By Chris Lane
By Jeff Balke
By Aaron Reiss
By Angelica Leicht
By Dianna Wray
By Aaron Reiss
By Camilo Smith
By Craig Malisow
Any longer-term observer of lower Westheimer (and the HP has witnessed it all) surely must realize the Bistro 224 proprietor deserves a Houston Medal of Gallantry for creating an aesthetic restaurant space at the former site of a boarded-up crack house, and for toughing it out there, competing with the super successful La Strada, Ruggles, Michelangelo's, Aldo's, etc.
More to the point, only halfway through this "review" does the reader see anything about food! Finally, you note that it is elaborate ... delicious, but even this is written in an unbelievably twisted, nasty, negative way. Highly opinionated jerks like Lawlor shouldn't review anything. How could his awful criticism be at all valid when the Houston Chronicle consistently has given this restaurant raves? Lawlor needs a vacation (permanent?) and the Houston Press owes Bistro 224 a giant apology and retraction.
She's Appalled, Too
I am appalled at your inaccurate review of Bistro 224. The reviewer, Eric Lawlor, shows a startling unfamiliarity with cuisine and restaurants. It is hard to imagine when Mr. Lawlor visited Bistro 224. We have never encountered an empty restaurant.
Now, let's discuss some criticisms. I am particularly fond of snails. His "a mere six of them" is ridiculous. I have never seen more served in one order, here, in Europe or in South America. Where did he find a larger order? As for them "languishing" in butter, how else would he suggest they be served?
The crab cakes are a favorite of mine, and of several of my friends. If Mr. Lawlor doesn't like three sauces, he need only eat one. The pork tenderloin is excellent and is another favorite. My friends and I do not consider it "burdened" with the plum sauce, but the waiter or waitress would be happy to serve it unadorned. It's a shame Mr. Lawlor is bewildered by the presentation of the gravlax. Frankly, I'm surprised he knew that it was salmon. Finding it accompanied by chopped egg yolks, capers, chopped red onions and a wedge of lemon is certainly not unusual, and is welcome to many of us.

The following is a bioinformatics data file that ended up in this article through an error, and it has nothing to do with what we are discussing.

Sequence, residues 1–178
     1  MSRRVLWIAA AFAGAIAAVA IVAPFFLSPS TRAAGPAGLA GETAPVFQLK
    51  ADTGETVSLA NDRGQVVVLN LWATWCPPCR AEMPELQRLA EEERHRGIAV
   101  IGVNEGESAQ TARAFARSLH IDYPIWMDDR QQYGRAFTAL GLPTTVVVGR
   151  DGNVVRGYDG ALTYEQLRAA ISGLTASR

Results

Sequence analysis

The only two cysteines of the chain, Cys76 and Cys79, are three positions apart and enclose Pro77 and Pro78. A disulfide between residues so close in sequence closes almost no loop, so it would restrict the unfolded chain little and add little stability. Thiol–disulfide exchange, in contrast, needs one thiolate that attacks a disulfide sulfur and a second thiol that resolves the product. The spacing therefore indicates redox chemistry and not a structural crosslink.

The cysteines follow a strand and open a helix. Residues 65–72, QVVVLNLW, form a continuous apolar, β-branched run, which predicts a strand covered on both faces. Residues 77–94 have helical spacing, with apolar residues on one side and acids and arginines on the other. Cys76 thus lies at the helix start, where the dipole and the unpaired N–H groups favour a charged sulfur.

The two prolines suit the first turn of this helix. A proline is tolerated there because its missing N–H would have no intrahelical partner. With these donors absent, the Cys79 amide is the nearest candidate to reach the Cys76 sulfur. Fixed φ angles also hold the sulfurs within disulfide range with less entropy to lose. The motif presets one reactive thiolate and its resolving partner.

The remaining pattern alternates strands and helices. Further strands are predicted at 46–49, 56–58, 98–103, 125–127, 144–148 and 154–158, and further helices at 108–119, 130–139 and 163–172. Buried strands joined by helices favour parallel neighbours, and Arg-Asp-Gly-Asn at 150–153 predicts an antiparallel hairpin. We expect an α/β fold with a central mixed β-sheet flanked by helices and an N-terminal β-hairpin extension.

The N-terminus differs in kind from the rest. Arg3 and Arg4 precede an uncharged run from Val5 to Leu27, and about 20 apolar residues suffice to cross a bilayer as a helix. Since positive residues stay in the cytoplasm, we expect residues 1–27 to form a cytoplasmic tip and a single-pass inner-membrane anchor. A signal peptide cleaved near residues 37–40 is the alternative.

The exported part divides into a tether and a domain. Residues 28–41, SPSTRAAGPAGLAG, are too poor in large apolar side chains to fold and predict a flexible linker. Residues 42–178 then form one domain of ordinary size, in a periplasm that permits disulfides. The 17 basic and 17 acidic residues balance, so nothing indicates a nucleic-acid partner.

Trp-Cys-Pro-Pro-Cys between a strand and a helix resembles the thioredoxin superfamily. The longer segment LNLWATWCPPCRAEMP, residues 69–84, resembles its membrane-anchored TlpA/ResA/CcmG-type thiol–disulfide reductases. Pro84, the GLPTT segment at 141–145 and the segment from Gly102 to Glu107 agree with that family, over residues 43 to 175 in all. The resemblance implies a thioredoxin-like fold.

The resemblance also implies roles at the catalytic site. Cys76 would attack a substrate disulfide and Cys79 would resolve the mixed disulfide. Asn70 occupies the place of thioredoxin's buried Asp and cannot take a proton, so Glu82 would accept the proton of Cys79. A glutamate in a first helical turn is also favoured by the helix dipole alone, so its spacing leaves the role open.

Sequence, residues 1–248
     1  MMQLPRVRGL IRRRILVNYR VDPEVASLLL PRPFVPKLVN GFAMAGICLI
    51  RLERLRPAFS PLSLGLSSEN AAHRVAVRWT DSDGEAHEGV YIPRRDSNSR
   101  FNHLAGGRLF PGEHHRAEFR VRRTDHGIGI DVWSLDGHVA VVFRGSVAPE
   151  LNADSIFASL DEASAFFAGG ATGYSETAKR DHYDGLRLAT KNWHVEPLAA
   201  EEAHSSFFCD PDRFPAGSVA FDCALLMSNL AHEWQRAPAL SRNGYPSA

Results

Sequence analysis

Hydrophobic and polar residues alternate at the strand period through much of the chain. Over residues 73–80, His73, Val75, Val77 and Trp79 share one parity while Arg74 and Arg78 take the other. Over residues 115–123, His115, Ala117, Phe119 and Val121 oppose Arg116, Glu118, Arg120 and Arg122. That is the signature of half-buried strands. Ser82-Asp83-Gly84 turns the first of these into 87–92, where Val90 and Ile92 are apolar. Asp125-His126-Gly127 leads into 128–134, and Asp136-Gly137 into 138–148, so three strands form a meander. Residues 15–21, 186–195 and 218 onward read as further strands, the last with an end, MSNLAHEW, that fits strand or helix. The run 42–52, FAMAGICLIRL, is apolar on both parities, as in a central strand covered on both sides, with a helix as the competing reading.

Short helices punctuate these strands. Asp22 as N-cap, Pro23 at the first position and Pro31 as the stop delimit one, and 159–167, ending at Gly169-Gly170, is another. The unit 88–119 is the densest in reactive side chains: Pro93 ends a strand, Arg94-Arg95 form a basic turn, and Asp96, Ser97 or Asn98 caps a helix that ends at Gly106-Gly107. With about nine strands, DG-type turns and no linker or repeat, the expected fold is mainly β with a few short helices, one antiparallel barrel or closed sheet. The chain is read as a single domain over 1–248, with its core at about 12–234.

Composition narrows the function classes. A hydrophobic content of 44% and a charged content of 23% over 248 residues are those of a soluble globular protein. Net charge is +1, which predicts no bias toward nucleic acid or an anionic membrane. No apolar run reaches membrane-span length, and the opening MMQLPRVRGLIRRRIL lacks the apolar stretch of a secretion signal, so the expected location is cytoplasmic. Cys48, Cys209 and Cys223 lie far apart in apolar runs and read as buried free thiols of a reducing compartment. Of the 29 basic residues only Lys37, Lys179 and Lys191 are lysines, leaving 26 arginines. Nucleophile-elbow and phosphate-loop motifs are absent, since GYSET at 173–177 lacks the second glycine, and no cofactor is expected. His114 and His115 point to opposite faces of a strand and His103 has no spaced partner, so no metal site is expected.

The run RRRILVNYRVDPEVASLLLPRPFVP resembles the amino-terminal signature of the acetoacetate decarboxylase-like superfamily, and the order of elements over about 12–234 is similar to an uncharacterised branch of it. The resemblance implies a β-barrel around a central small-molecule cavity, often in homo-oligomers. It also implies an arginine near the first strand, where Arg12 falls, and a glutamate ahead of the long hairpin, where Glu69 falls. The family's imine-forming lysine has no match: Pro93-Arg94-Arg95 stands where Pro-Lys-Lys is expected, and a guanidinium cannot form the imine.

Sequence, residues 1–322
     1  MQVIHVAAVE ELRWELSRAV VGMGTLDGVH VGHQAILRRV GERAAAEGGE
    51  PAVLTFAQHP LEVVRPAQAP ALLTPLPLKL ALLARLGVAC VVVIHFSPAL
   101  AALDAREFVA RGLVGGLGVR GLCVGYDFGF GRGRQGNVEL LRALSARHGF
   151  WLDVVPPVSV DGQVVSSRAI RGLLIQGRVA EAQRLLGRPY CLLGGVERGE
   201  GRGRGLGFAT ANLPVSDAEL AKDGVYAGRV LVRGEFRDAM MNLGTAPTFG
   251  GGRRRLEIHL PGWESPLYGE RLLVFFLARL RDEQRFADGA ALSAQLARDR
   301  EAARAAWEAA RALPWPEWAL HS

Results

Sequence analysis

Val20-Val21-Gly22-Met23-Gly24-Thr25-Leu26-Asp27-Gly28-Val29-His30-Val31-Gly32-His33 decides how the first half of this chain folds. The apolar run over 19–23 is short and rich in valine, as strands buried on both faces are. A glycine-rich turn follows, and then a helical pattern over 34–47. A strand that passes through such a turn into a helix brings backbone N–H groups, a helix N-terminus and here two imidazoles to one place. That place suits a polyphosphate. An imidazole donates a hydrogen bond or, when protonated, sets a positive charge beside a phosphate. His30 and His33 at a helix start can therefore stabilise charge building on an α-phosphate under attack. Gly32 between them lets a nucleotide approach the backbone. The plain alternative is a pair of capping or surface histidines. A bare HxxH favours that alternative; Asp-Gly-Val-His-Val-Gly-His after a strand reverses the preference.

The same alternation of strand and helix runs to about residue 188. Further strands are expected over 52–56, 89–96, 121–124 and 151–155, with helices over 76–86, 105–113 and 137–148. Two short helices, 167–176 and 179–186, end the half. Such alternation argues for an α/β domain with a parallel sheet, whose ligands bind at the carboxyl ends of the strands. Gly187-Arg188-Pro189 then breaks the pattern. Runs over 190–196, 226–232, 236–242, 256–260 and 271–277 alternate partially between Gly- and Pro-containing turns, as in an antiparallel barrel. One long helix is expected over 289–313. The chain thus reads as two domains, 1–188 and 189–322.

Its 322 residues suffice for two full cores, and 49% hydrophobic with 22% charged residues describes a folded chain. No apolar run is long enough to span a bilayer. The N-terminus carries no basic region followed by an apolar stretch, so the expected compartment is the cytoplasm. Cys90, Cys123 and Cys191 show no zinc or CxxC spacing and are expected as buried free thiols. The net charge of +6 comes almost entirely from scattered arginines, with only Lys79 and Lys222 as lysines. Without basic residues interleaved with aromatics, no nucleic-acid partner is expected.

Mr. Lawlor may be a "dreadful snob where mussels are concerned," but it would be interesting to learn where he was served mussels that were not open. Likewise, I am curious about green beans so firm that they required a pair of pliers.
It appears that the dining experiences of your reviewer, Mr. Lawlor, must have been limited to fast-food restaurants. He obviously is not knowledgeable about fine dining. It is a shame that he has been allowed to criticize a restaurant as outstanding as Bistro 224.
He's Disppointed and Angered
I am extremely disappointed and angered by the unnecessarily vicious attack on the Bistro 224 in the guise of a restaurant review. Eric Lawlor, the writer of the "review," seems to have had an ulterior motive.
I have some questions for Mr. Lawlor that I, a frequent patron of the Bistro 224, would like to have answered. The first deals with that part of his "review" that was the most self-serving and baffling:
Mr. Lawlor, why was it necessary to mention the proximity of a laundromat and adult bookstore in a restaurant review?
It would appear to any fair-minded individual that the location of a restaurant does not affect its service or the quality of its food. You could have just as easily mentioned that Courtlandt Place shares the same neighborhood. As a matter of fact, it's just across the street.
If the location of Bistro 224 is going to be mentioned at all, it should be to commend the owner, Matt Khajehali. Are you aware, Mr. Lawlor, that the building housing Bistro 224 is a former crack house? Mr. Khajehali single-handedly turned the building into a safe, fine restaurant. I would consider this an improvement. Since valet service is provided at Bistro 224, it doesn't matter what neighbors it has.
My next question for Mr. Lawlor deals with his inability to either like or dislike the various dishes he reviewed: Did you like the salmon gravlax or not?
As a very frequent patron of the finest restaurants, I can assure you, Mr. Lawlor, that they also offer capers, red onion, hard-boiled egg and, yes, even lemon to accompany their salmon. If you were to go to the Brownstone for one of their fine brunches, you would see bowls of these set next to the whole poached salmon. These are served with the gravlax at Bistro 224 to give the patron options, Mr. Lawlor. It seems a shame to me that you, a restaurant reviewer, feel it's "the job of the kitchen" to make all decisions when it comes to the food you are reviewing.